A couple from Kalamazoo visits Calgary. The corporate headquarters for Enbridge Inc., at 3000 Fifth Avenue Place, is likely where they’d find the greatest threat to their health and safety.
Two years ago, on July 25, 2010, an Enbridge-owned pipeline spilled a million gallons of tar sands oil into the Kalamazoo River in Michigan, in the biggest onshore oil spill in the United States. Friends of the Earth reports that the spill exposed Michigan residents to toxic chemicals, coated wildlife with bitumen and caused long-term damage to the state ecosystem and economy. This July, the U.S. Department of Transportation issued a record $3.7 million (U.S.) penalty and 24 enforcement actions against Enbridge, for multiple violations of pipeline safety regulations.
However, Walt Wawra, an off-duty police officer from Kalamazoo, thinks danger lies beyond the corpulent corporate boardrooms in downtown Calgary on the well-lit paths of Nose Hill Natural Environment Park. Nose Hill is an 1,129 hectare park in northwest Calgary that was saved, through citizen action in the 1980s, from residential development. From certain angles, it’s hill looks like a nose. It has hiking trails and wildlife. Coyotes are the local danger, for small mammals and pets. But in a notorious letter to the Calgary Herald, Wawra explained what went down in his visit to Nose Hill.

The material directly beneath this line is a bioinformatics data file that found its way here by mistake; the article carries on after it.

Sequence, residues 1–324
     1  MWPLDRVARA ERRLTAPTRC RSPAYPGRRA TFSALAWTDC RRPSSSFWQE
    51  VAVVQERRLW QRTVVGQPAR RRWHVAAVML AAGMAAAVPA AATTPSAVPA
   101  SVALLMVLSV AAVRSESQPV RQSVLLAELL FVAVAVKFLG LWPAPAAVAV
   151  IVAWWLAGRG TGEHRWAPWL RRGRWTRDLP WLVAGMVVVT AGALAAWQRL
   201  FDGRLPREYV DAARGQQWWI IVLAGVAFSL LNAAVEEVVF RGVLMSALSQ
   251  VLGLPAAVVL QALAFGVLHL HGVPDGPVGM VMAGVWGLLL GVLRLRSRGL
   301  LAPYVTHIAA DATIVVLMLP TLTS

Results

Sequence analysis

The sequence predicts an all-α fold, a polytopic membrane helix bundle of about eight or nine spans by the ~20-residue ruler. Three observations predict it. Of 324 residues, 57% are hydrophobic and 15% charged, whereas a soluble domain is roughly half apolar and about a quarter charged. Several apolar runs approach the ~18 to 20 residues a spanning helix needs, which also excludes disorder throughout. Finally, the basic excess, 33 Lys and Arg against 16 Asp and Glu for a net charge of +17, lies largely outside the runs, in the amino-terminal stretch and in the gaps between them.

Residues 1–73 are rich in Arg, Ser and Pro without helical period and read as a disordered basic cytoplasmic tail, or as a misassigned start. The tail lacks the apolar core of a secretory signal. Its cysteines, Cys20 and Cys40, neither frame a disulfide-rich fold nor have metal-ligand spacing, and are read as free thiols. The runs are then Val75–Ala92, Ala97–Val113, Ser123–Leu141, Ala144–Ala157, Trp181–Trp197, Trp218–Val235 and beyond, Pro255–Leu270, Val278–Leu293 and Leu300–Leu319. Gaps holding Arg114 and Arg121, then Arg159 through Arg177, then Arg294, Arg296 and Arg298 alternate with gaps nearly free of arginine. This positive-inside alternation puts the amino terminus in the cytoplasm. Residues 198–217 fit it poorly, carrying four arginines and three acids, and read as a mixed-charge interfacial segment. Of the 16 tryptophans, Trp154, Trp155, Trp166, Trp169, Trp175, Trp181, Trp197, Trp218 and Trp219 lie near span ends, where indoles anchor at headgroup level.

Two men approached Walt and his wife on a paved trail in the public park and asked (twice) if they had visited the Calgary Stampede. Wawra said he didn’t need to talk to them and walked away. For this conversation, Wawra implies he needs a handgun. Thankfully, it’s illegal for citizens to carry concealed weapons in Canadian public parks, and only feelings, at worse, were hurt in Nose Hill.
Wawra’s letter, both dangerous and ridiculous in its suggestions, is nonetheless a useful tool for considering the crimes and dangers we imagine. Wawra described the men in Nose Hill as aggressive, menacing, disrespectful and without good intentions, but there is no information in his narrative to validate these assumptions.
Unfortunately, fear of the unknown and imagined crime rates are being exploited by governments across Canada to justify law and order expenditures and policies, such as the federal government’s omnibus crime legislation. At the same time, known dangers, such as pipeline spills, are being ignored.
The U.S. National Transportation Safety Board recently released a report stating that pervasive organizational failures by Enbridge led to the oil spill in the Kalamazoo River in 2010 and that the company’s operations have a culture of defiance. Earlier today, CBC reported that the Canadian regulator, the National Energy Board, will not be considering this scathing U.S government report on Enbridge in its review of the safety of the proposed Northern Gateway Pipeline.
National Wildlife Federation recently released a report that describes Enbridge’s history of large oil spills in the United States and Canada. The report states that rather than focusing on safety and cleanup, in response to spills such as in Kalamazoo, Enbridge is moving ahead with plans to expand their pipeline network.
In Canada, if we continue to ignore the evidence of real dangers to our health and safety, the pipeline network may eventually include Enbridge’s Northern Gateway Pipeline.